Twenty Years After Ed Reform, What's Next for MA?
New research from Citizens for Public Schools on how Massachusetts
and the nation can ensure equity and excellence for all students
June marked the 20th anniversary of the 1993 Education Reform Act in Massachusetts. Because the Bay State is often regarded as a leader in national education policy, it's worth considering:
How has Massachusetts fared in helping students succeed, and where is there room for improvement?
In its new report, "20 Years After Education Reform: Choosing a Path Forward to Equity and Excellence for All," Citizens for Public Schools (CPS) analyzes the three main impacts of the 1993 law: the establishment of the Foundation Formula, the implementation of high-stakes testing, and the expansion of the state's charter school network.
Like many states, Massachusetts has been following a "standards-based" reform agenda that emphasizes setting a high bar for achievement while not necessarily ensuring that all students have the resources and opportunities they need to reach that bar.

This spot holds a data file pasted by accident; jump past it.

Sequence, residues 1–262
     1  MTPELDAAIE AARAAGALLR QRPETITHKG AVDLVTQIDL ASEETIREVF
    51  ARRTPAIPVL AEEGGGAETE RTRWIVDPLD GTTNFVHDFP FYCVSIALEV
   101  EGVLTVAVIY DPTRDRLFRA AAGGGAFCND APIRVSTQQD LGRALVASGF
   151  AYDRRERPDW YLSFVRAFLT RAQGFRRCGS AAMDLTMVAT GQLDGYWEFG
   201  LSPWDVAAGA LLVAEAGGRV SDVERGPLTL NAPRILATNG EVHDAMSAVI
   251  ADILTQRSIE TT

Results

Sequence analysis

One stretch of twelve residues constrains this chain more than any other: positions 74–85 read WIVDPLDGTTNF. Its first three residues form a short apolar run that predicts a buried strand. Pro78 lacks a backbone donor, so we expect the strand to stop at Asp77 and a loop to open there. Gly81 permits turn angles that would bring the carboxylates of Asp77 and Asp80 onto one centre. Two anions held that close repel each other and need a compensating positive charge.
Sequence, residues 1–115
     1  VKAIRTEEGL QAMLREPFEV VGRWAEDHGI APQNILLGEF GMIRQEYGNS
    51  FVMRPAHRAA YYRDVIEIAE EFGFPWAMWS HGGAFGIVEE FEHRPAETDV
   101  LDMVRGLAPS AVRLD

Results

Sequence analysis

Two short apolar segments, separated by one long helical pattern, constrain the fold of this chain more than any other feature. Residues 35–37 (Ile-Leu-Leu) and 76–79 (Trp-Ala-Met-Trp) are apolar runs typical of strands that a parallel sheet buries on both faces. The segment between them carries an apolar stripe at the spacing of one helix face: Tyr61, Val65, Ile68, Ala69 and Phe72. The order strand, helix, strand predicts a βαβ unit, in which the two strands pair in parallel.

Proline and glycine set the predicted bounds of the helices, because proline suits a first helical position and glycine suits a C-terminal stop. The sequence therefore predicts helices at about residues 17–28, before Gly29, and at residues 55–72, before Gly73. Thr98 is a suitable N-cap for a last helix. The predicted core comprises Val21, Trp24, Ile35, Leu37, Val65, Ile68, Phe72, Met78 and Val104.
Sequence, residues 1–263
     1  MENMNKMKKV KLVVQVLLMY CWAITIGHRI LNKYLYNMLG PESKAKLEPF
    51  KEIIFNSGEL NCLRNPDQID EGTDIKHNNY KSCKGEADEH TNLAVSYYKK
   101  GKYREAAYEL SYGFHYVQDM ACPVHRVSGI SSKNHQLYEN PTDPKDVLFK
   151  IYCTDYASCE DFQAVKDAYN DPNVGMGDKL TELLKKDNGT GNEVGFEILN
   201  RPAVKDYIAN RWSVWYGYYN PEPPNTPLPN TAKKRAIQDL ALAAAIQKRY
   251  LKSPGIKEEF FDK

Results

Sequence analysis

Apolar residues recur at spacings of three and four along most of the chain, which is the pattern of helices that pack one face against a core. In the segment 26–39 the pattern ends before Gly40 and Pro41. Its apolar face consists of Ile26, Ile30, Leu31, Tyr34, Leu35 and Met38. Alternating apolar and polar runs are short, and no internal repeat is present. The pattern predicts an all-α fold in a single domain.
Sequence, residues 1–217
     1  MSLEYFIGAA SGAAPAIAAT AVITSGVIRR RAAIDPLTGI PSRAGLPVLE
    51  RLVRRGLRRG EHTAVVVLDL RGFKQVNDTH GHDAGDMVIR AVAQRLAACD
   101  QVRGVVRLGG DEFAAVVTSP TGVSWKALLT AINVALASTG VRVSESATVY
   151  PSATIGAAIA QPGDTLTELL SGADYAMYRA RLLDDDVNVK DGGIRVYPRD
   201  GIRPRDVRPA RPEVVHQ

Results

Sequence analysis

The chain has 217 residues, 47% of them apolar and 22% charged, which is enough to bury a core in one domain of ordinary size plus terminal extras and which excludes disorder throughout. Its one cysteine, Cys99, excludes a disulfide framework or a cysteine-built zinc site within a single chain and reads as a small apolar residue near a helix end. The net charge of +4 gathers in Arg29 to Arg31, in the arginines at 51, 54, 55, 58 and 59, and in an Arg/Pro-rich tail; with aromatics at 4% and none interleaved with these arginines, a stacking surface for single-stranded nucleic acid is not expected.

The report found that fair funding can be credited for much of Massachusetts' success over the past two decades. High-stakes testing, however, has led to a narrowing of the curriculum that hits low-income schools the hardest. Charters, which enroll a smaller percentage of English language learners and students with disabilities, push out struggling students through the use of harsh discipline policies and are poor models for systemic education reform.
In order to close persistent achievement gaps across the country, policymakers will need to close the opportunity gap by shifting to a "supports-based" reform agenda that provides all students with access to resources like: high quality early education, fair funding, well-trained and experienced teachers, and wraparound academic, social and health supports.
Citizens for Public Schools isn't the only Massachusetts group weighing in on the state's education agenda. In a separate event held on June 18th (the exact anniversary of the 1993 bill signing), advocates from Strategies for Children, the Masschusetts Budget and Policy Center, and the Massachusetts Business Alliance hosted a panel discussion about what's next for the state. You can read about the event and the panel's recommendations here.